Edgeware Road, Echo Park, Los Angeles Glendale Freeway, Echo Park, Los Angeles


space and under intensified climatic conditions. In Europe, Neutra was and is still considered an architect of prohibitively ex­pensive residential homes—but we want to show Richard Neutra the way his son Raymond described him to us in our talk, as someone who took commissions for large villas in order to survive financially. Neutra’s true interest was in building simple houses, making the most of sparse framework conditions, in designing housing projects, and in urban planning. Nonetheless, Channel Heights, Neutra’s most import­ ant housing project, designed in 1942 for the dock workers of San Pedro in southern Los Angeles, is long gone. And those houses that Neutra designed for the middle class are also now unaffordable luxu­ ry real estate due to the increase in property prices; and likewise, for this very reason, are often in danger of demolition. It is characteristic that the Desert House in Palm Springs built by Neutra for Edgar J. Kaufmann, the client for Frank Lloyd Wright’s Fallingwater, is among the icons of modernism, while his fantastic Oyler House in Lone Pine, whose handyman owner did the carpentry work himself, is virtually unknown to a larger audience. For us, these thrifty and uncomplicated houses embody the great promise of Californian modernism—formulated in them is a “new lifestyle” attainable by the majority that sharply contrasts those agi­ tated and frequently bloated palaces, which, while perhaps corre­ sponding with the popular notions of Hollywood as a “dream factory,” for that very reason, have absolutely nothing to do with most people’s “real lives.” We tried to withstand the seductive sparkle of the archi­ tecture icons and went out in search of structures capable of mediat­ ing a subtly differentiated picture of Los Angeles modernism. Our project thus had a goal, but we deliberately left open the path to get there. Since we were dealing primarily with private homes, we were reliant on the cooperation of the people who lived in them. We picked up the thread at one location and followed its course along the network of contacts and personal relationships, and op­ portunities produced by them. At times it also led us out of the city, to lo­cations that could most definitely be considered “satellites” of Los Angeles. The architect John Bertram turned out to be our most im­portant connection; through his interest and help we were granted access to an entire series of buildings. Also Raymond ­Neutra opened numerous doors for us. We soon realized that we had to and wanted to adjust our “research design” to fit the reality of Los Angeles. That meant, starting from Richard Neutra, also ­taking into consideration other architects who had a more or less close relationship to him—or rather, his structures. This was the only way that we could do justice to this fascinating “Architecture of the Sun” (Thomas S. Hines ), which was practically unknown in ­Europe, or only partially known. Including exemplary houses by Neutra’s compatriot Rudolph Schindler (1887—1953) in our collection seemed an obvious choice, as did showing in the context of our project, the diverging positions of these two pioneers of modern Californian architecture who both emigrated at an early stage from their homeland Austria. Schindler, who like many other Europeans, was already fascinated by the build­ ings of Frank Lloyd Wright (1867—1959) when he arrived in the U. S.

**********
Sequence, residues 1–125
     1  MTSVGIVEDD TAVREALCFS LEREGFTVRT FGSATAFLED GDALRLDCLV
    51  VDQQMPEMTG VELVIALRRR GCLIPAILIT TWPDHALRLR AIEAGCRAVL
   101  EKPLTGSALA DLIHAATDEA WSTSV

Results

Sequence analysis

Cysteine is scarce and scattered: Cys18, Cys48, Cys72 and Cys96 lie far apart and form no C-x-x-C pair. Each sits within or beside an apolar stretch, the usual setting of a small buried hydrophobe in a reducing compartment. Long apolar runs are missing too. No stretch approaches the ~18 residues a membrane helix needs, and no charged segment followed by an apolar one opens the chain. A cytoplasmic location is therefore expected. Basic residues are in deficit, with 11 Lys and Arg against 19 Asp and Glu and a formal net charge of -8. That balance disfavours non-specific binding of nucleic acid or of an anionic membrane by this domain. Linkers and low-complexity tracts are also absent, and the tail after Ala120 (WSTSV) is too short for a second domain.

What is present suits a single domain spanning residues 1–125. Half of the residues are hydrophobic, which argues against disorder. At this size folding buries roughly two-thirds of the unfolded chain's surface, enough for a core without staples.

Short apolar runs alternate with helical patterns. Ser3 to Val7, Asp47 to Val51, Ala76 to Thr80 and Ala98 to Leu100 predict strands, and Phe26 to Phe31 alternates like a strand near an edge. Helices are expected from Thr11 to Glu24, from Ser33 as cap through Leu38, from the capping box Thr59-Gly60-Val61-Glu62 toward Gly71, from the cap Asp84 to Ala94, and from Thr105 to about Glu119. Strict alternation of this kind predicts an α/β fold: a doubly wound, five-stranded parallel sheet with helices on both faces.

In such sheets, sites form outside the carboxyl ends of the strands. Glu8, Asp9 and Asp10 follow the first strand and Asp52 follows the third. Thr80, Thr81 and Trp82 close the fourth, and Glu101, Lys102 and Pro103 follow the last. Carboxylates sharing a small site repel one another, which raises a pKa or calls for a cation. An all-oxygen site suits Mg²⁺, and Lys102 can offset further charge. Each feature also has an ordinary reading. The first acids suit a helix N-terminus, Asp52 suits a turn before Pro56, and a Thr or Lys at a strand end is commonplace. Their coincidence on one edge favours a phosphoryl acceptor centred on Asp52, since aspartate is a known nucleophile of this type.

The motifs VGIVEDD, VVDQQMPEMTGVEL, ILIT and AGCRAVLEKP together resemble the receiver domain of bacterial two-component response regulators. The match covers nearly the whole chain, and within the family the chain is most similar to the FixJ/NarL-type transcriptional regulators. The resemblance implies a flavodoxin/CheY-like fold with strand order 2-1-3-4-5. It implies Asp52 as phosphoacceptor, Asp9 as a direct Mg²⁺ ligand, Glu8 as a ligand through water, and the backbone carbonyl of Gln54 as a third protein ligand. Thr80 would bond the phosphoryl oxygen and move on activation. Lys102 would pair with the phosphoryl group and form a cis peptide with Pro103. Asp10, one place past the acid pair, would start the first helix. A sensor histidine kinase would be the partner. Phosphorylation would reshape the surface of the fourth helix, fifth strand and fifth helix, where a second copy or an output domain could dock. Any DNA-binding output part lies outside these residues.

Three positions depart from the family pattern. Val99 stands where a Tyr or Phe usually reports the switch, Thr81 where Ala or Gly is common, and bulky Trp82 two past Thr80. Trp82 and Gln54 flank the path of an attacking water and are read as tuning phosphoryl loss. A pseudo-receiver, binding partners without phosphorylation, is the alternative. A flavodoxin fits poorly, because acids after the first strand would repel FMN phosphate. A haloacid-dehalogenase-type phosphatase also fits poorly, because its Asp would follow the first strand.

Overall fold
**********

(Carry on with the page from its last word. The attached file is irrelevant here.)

Broadway, Downtown Los Angeles


10  See, Hines, Richard Neutra, pp. 55—78.


in 1914, lived in California from 1920, first as a construction manager for Wright’s Hollyhock House, soon as a freelance a ­ rchitect. Based on the innovative construction method of prefab­ricated reinforced con­ crete elements and closely tied interior and exterior spaces, the house he built on Kings Road in West Hollywood in 1922 is consid­ ered one of the earliest documents of a completely new way of build­ ing in California. Positioned diagonally across from it, from 1916 (and until its demolition in 1970), was a further incunable of early modernism, the Dodge House by Irving Gill (1870—1936), whose smooth, cuboid forms reveal remarkable parallels to works by Adolf Loos, but have their roots in the adobe structures of the Pueblo ­Indians. ­Schindler’s house—today’s MAK Center for Art and Architec­ ture—was, at the same time, Richard Neutra’s first home when he arrived in Los Angeles in 1925. The story of Neutra’s and Schindler’s collaborations, their friend­ ship, as well as their estrangement has often been told and will not be elaborated on here.10 However, what should be stated is that both were shaped to the same extent by the different concepts of modernism of Otto Wagner (1841—1918) and Adolf Loos (1870—1933) and when in California, applied their Viennese experiences in differ­ ent ways—but were also driven by different desires: While Schindler liberated himself from European conventions in California, Neutra wanted to utilize the U. S .’s highly-developed industrial production for architecture. Their buildings for Philip Lovell, Schindler’s Beach House ( 1926) and Neutra’s Health House (1927—29), were premature ­masterpieces and founding structures of a specifically Californian modernism—years before Henry-Russell Hitchcock and Philip Johnson proclaimed the “International Style” on the East Coast. Gregory Ain (1908—88) united the disparate approaches of the two Viennese architects to his own architectural concept, which ­appears both systematic and individual. More so than any other ar­ chitect in California during this time, Ain considered housing a so­ cial issue and was intensely concerned with communal housing and building: He conceived “social landscapes” and with his concepts, introduced the term “sharing” in hitherto unknown connections. With their theatrical stagings in space, the structurally and formally spectacular homes by John Lautner (1911—94), who like Schindler and Neutra before him was an admirer and employee of Frank Lloyd Wright, are probably the perfect architectural equivalents to Los ­Angeles’ visual culture oriented on the (cinematic) effect. In the cur­ rent “mid-century modern” boom, they are considered highly desirable real estate. Lautner’s buildings are extremely suitable as film sets, and yet they are so much more: complex, sensual sculptures with a fine sense of materials and surfaces, which generate unique spa­ tial ex­­periences. At the same time, they refuse to function as exam­ ples: modernism is not a social project here, but rather, a vehicle for absolute individualism. A. Quincy Jones ( 1913—79), on the contrary, tried to combine the new living forms of the twentieth century with a design appropriate for California’s landscape and climate. His houses do not have flat roofs yet are nonetheless unmistakably modern, the wood construc­ tion is not hidden behind stucco—like most of the houses in Los